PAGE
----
11.24.2008 11:34 AM
New legislation would require cable operators to provide local TV signals at a discount

New legislation is being introduced in Congress that would require pay television operators to provide low-cost local TV signals to those who lose over-the-air television coverage as a result of the DTV transition. The bill is being sponsored by Sen. Bernard Sanders, I-VT.

Sanders is concerned that hundreds of thousands of homes may lose their television service when analog signals are shut down next February.

“I am introducing legislation that would require cable, satellite, and other paid TV companies to provide a basic broadcast service to those consumers who have lost channels due the DTV transition at a reduced cost, indefinitely,” he wrote to other members of Congress seeking support for the legislative effort.

Sanders’ office said as many as 800,000 homes may lose one or more local television signals after the shutdown. This may be due to a variety of factors, including weaker digital signals or blockage of signals due to local terrain.

“Regardless of one’s ability to pay, it is unfair to ask consumers who lose their TV reception to pay for what they previously received for free,” Sanders said. “Because the federal government was responsible for mandating this DTV transition, I believe it is the federal government’s duty, along with a wide range of industry partners, to ensure that our constituents are held harmless.”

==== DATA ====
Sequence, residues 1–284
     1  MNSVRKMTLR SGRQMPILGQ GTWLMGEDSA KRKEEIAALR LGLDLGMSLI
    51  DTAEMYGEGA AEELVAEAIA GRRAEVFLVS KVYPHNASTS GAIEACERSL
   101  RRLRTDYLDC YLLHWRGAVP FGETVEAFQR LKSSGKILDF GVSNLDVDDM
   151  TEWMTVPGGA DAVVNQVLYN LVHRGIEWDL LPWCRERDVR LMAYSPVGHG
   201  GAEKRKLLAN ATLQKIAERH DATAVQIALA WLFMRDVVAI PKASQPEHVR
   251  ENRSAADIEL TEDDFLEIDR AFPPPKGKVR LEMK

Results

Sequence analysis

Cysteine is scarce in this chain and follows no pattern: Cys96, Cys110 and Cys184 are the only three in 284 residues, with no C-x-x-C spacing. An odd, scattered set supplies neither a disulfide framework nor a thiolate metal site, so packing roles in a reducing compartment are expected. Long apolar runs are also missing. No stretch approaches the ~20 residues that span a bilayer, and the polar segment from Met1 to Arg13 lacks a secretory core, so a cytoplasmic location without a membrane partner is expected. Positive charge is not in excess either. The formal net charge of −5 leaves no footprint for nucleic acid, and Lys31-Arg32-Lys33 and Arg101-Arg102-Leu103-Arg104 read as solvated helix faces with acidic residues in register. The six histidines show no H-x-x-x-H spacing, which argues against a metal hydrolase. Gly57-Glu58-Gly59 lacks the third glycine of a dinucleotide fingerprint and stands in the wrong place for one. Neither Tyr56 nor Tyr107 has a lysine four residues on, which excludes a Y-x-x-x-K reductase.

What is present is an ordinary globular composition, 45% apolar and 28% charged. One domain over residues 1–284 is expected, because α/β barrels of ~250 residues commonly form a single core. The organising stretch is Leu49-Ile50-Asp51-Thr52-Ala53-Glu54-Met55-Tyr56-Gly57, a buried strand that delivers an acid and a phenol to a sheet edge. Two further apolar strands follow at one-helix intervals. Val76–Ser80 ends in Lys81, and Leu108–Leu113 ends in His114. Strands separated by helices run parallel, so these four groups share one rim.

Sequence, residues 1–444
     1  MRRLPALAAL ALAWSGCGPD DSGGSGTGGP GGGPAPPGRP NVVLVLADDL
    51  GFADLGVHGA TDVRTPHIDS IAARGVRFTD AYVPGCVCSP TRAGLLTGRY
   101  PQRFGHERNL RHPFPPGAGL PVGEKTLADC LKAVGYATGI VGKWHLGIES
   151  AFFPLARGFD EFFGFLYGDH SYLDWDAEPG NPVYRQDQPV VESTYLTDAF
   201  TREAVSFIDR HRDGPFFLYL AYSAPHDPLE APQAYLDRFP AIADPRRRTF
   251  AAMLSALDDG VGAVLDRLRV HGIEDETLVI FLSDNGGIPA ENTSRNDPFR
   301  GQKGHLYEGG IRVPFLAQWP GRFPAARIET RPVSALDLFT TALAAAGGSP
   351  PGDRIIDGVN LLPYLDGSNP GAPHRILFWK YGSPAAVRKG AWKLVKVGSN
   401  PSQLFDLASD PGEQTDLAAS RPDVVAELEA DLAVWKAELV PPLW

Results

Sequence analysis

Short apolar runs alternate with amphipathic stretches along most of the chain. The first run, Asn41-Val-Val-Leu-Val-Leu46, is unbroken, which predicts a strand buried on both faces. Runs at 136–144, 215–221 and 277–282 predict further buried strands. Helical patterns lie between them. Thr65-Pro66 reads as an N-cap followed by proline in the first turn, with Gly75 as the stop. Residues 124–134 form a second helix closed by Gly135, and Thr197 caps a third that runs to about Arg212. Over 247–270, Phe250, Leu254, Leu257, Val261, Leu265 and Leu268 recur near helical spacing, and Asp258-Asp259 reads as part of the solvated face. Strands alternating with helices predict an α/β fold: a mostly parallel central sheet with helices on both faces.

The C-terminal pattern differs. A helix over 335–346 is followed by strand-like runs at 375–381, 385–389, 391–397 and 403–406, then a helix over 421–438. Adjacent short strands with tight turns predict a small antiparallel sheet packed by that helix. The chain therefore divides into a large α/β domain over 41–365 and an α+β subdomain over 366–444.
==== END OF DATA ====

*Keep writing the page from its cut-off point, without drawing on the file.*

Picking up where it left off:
The bill would establish criteria for determining who had lost free TV signals and is thus eligible to buy a lifeline service that consists solely of local TV signals. The legislation would price the service at $10 a month or less. Local TV stations would not be able to collect retransmission consent from cable subscribers who signed up for the local signal package.

“The Bush administration’s efforts for this transition are totally lacking, and millions of Americans may end up with no TV reception on February 18,” Sanders said. “You need to know that a converter box may not be enough to bring in an adequate signal and that you may need a new and stronger antenna — either for the roof or rabbit ears.”

Sanders said he is especially troubled that people can do all the government is telling them and still be without reception. “This is particularly true for people living in rural areas with hilly terrains that can block the digital signal. I am also concerned that, because of poor government planning and policy, lower-income people may not be able to afford the cost and installation of a roof antenna and that seniors, people with disabilities, and others may have a hard time handling this transition on their own.”

Currently, there are no good solutions for those people facing the loss of some or all of their over-the-air TV reception, Sanders said. That’s why he has initiated the low-cost lifeline basic television proposal.



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